01.08.2016 - Social and Human Sciences Sector

Communiqué of the Bureau of the Conference of Parties to the UNESCO International Convention against Doping in Sport

The Bureau of the Conference of Parties met today in Paris for an extraordinary meeting with a delegation from the Russian Federation. This followed the publication of the McLaren report commissioned by the World Anti-Doping Agency (WADA). Both WADA and the International Olympic Committee (IOC) have forwarded the report to the Bureau of the Conference of Parties for consideration in light of the report’s findings.

The role of the Bureau is, with respect to the International Convention against Doping in Sport (“the Convention”), “to contribute to raising strategic challenges in areas arising from the implementation of the Convention, including issues relating to lack of compliance, and suggest approaches for improvement”.

The Bureau has taken note of the fact that WADA has declared that RUSADA (Russia’s National Anti-Doping Organisation) is not compliant with the Code and the previously WADA-accredited laboratory in Russia is currently suspended.

With this in mind, the Bureau has referred back to the articles of the Convention, most notably Article 4 “Relationship of the Convention to the Code” and Article 5 – “Measures to achieve the objectives of the Convention”, which state:

Article 4 – Relationship of the Convention to the Code

1. In order to coordinate the implementation, at the national and international levels, of the fight  against  doping  in  sport,  States  Parties  commit  themselves  to  the  principles  of  the  Code as the basis for the measures provided for in Article 5 of this Convention. Nothing in   this   Convention   prevents   States   Parties   from   adopting   additional   measures   complementary to the Code.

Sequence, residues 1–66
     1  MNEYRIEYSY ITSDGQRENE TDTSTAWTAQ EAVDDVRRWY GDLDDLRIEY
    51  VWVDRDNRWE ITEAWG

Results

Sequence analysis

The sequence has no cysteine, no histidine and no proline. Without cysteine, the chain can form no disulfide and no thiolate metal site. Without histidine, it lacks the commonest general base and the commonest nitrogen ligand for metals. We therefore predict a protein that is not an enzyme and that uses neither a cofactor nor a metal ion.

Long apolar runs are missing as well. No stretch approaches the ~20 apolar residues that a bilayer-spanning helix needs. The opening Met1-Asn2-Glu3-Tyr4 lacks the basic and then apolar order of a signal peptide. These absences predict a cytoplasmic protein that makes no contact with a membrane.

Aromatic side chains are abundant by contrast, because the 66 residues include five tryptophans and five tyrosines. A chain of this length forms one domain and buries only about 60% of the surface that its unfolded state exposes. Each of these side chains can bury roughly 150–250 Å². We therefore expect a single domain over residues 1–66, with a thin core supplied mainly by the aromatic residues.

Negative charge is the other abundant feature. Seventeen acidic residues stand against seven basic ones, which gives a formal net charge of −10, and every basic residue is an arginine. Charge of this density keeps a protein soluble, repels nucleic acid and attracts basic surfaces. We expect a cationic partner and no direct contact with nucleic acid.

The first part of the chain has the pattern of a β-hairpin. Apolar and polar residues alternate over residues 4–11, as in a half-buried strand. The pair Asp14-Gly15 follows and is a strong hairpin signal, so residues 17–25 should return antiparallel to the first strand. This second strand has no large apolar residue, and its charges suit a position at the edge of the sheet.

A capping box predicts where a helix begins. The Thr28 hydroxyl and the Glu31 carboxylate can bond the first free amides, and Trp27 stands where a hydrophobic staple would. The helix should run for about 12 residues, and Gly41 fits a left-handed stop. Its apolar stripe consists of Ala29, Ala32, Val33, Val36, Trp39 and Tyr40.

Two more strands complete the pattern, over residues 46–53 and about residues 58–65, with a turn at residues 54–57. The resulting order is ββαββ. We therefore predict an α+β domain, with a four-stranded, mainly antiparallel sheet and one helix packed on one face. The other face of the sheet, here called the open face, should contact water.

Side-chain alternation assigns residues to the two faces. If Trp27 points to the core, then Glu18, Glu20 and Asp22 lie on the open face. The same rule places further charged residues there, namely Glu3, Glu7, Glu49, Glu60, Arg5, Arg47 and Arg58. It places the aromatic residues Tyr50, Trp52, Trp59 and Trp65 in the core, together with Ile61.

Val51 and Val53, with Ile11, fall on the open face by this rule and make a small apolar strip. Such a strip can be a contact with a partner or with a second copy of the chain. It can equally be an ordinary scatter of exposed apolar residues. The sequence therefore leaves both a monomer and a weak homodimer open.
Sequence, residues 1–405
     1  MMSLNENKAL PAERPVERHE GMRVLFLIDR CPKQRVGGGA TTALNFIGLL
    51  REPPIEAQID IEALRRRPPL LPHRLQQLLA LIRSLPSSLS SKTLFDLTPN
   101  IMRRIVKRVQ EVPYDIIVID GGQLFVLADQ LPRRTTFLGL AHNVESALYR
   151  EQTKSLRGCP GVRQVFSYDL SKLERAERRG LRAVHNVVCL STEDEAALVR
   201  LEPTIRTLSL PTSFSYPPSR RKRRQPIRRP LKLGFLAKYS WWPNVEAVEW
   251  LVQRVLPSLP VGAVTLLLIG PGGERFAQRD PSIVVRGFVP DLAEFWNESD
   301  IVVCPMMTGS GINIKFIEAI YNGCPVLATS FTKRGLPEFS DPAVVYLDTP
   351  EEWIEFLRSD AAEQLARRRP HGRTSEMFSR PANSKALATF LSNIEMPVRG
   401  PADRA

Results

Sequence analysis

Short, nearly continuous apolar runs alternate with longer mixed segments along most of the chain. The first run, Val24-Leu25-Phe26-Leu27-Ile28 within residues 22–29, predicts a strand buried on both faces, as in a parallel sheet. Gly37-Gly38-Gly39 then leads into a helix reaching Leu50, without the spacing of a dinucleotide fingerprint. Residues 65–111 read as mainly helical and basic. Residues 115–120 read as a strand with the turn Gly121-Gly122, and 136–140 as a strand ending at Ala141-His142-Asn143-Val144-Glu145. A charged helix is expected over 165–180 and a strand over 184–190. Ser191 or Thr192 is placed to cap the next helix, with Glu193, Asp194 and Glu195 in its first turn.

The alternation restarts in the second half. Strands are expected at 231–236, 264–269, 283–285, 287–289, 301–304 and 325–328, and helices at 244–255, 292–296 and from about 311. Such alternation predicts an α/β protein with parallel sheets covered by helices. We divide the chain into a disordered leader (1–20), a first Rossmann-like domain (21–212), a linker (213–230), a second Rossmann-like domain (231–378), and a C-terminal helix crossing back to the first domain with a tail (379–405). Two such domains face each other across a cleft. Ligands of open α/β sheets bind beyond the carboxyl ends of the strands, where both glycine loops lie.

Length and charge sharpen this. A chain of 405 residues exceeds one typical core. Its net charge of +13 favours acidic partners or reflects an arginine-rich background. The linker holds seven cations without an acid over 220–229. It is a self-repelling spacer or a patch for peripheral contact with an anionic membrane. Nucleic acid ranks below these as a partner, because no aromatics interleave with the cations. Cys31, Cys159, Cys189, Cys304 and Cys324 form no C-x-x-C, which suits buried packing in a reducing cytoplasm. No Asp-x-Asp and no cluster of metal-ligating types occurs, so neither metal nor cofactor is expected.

(…)

Article 5 – Measures to achieve the objectives of the Convention

In abiding by the obligations  contained  in  this  Convention,  each  State  Party  undertakes  to  adopt  appropriate  measures. Such measures may include legislation,  regulation,  policies  or  administrative practices.

The Bureau welcomed the presentation and the commitment of the Russian Sports Minister, Vitaly Mutko, to root out doping in sport in Russia, and the steps he is taking in response to the McLaren Report. The relevant Russian Authorities are committed to working with the Bureau going forward.

The Bureau reaffirms the principles enshrined in the Convention which emphasises  “…that public authorities and the organizations responsible for sport have complementary responsibilities to prevent and combat doping in sport, notably to ensure the proper conduct, on the basis of the principle of fair play, of sports events and to protect the health of those that take part in them” and   “…the need to encourage and coordinate international cooperation towards the elimination of doping in sport” ;  

Public authorities are entitled to intervene on the side of the sports movement to ensure the fairness of sport. UNESCO’s regulatory role in anti-doping through the Convention serves as the unique international public governance provision, to enable countries and all concerned parties to fulfil their duties. This is to protect sports integrity and preserve the values of sport with the Olympic goals based on courage, perseverance and integrity.

With this in mind, and taking into account the magnitude of the increasingly complex challenges and threats to the fundamental principles and ideals of sport, in particular corruption, fraud and repetitive violations of the norms that regulate sporting activities, the Bureau will submit to the 6th session of the Conference of Parties a set of measures that will strive for better international cooperation to enable transparency and harmonization of national anti-doping public policies.

The Bureau considers the determination made by International Sport Federations to ensure consistency in law enforcement and the consequence on anti-doping rule violations by all concerned parties and at all levels are fully in compliance with international regulation on anti-doping and the rule of law.

In order to ensure consistency and transparency in the fight against-doping and the protection of sports integrity, and considering the discussion at today’s extraordinary meeting, the following actions and recommendations are agreed:

  1. Conducting a review of the national anti-doping policy of the Russian Federation under the practice of the Conference of Parties;
  2. A compliance Label on monitoring national anti-doping policy will be presented for consideration to the COP 6;
  3. A Review Commission of State Policy and Anti-Doping to be presented to the COP 6;
  4. An Ad Hoc Task Force to be envisaged with all concerned stakeholders to address pressing matters related to doping: IOC, WADA, UNESCO and concerned regional Intergovernmental entities;



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